Image Analysis of Acoustically Excited Bluff Body Flames
Plaks, Dmitriy Vital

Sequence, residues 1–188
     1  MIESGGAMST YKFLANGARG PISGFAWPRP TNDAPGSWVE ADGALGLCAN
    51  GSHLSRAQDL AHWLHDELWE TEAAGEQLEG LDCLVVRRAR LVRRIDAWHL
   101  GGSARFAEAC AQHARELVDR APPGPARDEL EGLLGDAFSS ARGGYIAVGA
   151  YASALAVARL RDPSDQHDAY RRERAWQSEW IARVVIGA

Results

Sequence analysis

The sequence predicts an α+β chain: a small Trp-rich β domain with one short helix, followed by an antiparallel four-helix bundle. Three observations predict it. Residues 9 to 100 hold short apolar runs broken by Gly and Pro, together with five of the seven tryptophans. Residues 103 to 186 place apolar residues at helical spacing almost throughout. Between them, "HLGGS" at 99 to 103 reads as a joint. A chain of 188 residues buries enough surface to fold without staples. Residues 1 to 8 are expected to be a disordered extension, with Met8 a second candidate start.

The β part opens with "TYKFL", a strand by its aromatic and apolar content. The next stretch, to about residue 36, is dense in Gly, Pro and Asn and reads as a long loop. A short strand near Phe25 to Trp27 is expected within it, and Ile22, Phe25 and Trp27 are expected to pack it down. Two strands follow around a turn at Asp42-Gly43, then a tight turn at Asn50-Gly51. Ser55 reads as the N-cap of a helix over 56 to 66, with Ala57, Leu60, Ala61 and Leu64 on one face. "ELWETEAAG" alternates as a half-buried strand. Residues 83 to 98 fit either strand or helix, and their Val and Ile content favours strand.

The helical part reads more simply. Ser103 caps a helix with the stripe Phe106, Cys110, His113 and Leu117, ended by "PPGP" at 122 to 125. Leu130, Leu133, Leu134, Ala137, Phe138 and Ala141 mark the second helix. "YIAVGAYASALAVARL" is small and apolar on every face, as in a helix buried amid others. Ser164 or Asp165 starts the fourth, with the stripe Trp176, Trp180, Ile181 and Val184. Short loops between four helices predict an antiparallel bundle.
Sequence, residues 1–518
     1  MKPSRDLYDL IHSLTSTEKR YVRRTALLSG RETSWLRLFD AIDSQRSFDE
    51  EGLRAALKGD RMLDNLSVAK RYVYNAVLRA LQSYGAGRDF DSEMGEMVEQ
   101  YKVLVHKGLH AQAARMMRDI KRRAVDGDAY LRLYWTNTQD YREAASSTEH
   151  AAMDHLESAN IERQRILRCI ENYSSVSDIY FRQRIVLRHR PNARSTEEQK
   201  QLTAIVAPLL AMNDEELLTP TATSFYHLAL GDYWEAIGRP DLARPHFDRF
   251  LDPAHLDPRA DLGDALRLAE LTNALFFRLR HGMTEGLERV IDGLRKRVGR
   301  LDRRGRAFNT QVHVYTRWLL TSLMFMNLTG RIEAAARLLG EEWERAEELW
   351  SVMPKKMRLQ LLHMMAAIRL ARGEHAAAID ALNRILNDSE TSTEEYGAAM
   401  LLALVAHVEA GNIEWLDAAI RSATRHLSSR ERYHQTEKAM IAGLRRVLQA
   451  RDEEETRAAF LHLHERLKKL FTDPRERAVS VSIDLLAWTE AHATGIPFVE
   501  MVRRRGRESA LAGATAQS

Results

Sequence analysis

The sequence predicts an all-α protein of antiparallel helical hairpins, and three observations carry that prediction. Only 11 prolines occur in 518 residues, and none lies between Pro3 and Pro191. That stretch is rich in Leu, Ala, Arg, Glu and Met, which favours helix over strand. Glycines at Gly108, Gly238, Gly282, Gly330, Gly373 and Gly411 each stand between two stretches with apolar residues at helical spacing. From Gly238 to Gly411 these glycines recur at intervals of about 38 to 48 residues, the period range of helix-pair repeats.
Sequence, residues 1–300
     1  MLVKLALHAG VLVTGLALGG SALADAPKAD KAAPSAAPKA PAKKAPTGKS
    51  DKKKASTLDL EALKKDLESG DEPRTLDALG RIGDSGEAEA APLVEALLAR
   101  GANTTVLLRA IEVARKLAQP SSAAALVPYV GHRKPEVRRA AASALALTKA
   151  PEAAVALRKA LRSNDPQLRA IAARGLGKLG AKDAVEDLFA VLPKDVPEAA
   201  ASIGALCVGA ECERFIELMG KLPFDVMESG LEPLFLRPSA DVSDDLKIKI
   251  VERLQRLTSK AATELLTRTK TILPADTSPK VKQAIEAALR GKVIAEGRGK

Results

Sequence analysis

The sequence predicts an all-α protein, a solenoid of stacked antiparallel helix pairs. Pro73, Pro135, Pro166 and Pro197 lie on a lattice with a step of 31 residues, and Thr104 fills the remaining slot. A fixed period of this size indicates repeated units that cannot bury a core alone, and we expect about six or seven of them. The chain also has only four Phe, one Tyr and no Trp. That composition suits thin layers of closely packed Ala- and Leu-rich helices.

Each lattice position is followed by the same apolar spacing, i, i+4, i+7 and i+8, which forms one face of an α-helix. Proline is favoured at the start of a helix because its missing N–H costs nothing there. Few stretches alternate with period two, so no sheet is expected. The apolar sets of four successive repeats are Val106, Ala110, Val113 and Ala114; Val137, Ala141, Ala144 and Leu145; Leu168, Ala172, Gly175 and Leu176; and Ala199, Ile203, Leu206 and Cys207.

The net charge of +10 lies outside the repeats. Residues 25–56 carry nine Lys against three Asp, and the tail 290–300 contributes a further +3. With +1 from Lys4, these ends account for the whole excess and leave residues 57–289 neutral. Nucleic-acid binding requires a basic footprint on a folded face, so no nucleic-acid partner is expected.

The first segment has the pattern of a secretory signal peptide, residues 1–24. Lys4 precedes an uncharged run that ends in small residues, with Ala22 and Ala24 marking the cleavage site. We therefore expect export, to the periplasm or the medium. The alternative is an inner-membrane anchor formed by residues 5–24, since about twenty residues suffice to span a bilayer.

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This thesis analyzes the effects of various bluff bodies on the downstream flow field. Bluff bodies, for example, those typically found in jet engine augmentors, are objects designed to impede the flow in order to stabilize a flame. The effects of different bluff body shapes (cylindrical and triangular), size (6.35 mm, 9.53 mm, 12.7 mm, and 19.1 mm) and heat release are examined with respect to their influence on downstream vorticity strength, vortex separation distance, and vorticity divergence angle. Particle Image Velocimetry (PIV) is used to obtain the velocity field data from which the vorticity field is calculated. The mean flow velocity, U∞ is 2.7 m/s, and the flow is acoustically excited at 300 Hz with a normalized acoustic velocity of u'/U∞ = 0.8. The vorticity divergence angle increases with increasing bluff body size, is not affected by bluff body shape, and has a non-linear correlation with heat release. Downstream vorticity strength is affected by all three parameters (bluff body shape, size and heat release) in a non-linear manner. Vortex separation distance is a function primarily of bluff body size, increasing for larger bodies; however, the separation distance decreases with increasing heat release. Bluff body shape also has an effect on vortex separation distance as the cylindrical bluff body creates a larger separation distance between vortices.